Wednesday, 18 February 2009

Film review:
Revolutionary Road (2008)

It's certainly been Kate Winslet's year: two dramatically different roles in two excellent but very distinct movies. I can understand why Our Kate eventually earned the BAFTA for her portrayal of the emotionally amputated Hanna Schmitz in The Reader: it's a greater challenge to bring a sterile void such as Schmitz to the screen and make her believable, than someone whose emotions are bristling right on the surface, like the sparks on a Van de Graaff generator.

Which is not, in any sense, to downplay the weight and solidity of Revolutionary Road. There have been many films exploring the private dreams and nightmares of those who live in silent desperation within the facade of the post-WW2 American Dream (The Ice Storm immediately springs to mind), but this entry accentuates the sense of loss by offering its protagonists -- frustrated mother-of-two April and her sexually oppotunistic husband Frank (Leonardo DiCaprio, also at the top of his game) -- a way out of the rut they've slipped into.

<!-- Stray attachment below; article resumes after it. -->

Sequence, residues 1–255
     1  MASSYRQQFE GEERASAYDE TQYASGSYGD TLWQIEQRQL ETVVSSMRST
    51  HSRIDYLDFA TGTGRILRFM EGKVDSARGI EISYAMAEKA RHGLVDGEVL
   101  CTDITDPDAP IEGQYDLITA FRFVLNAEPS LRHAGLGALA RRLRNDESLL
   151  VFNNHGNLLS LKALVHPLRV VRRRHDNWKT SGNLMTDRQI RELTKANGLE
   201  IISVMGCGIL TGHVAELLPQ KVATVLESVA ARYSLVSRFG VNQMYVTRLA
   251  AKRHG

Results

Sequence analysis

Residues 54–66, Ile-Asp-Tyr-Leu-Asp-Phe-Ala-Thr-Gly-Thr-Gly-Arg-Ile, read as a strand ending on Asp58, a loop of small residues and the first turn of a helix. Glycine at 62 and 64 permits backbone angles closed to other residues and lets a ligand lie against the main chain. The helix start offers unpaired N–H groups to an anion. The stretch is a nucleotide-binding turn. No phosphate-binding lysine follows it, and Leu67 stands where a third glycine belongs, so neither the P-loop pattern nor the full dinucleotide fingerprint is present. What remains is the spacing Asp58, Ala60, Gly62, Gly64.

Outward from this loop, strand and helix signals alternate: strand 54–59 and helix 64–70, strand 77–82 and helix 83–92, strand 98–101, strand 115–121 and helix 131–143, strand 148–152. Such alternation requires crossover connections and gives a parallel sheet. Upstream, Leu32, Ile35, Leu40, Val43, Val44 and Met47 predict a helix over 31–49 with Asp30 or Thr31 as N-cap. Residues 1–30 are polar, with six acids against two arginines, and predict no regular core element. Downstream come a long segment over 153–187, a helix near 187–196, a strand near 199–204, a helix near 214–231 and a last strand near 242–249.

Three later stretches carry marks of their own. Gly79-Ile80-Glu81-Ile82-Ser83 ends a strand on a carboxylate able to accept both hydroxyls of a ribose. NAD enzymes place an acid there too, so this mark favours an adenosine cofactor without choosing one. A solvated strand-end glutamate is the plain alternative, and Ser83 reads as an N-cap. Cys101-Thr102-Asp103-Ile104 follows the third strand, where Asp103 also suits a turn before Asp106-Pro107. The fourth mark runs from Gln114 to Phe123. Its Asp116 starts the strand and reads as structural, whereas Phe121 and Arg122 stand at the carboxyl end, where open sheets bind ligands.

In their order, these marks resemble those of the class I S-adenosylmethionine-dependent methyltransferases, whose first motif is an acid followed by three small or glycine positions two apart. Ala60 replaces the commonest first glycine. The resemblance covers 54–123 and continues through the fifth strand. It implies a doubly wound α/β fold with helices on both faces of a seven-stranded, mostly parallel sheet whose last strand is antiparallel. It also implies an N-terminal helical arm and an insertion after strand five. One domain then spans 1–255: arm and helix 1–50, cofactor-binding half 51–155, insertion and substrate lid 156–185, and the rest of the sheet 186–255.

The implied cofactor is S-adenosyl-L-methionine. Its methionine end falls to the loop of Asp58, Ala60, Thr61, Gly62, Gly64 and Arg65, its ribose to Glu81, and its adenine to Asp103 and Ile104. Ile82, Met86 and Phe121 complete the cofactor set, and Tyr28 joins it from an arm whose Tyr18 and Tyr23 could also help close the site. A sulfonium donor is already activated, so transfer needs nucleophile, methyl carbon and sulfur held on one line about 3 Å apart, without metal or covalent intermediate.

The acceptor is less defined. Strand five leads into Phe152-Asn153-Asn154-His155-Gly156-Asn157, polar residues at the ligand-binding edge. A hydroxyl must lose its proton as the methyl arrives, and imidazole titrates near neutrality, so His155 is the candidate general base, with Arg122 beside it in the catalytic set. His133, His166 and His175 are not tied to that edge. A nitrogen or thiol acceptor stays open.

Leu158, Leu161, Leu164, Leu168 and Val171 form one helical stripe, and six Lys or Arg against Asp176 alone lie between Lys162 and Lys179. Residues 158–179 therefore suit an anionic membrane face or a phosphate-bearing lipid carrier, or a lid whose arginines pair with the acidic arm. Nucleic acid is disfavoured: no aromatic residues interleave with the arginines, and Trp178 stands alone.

Whilst 1955 Connecticut society looks on in horror born out of ill-disguised envy, the pair plan their escape to a Europe which has taken on a mythic status for them, only to have any real hope of freedom crushed by their own weaknesses. There's a grim inevitability to the movie's final chapter (one which, for personal reasons, I found very difficult to view), but it was obvious from the opening scenes that a happy ending was unlikely to be on the agenda.

[First published on LiveJournal, February 2009]

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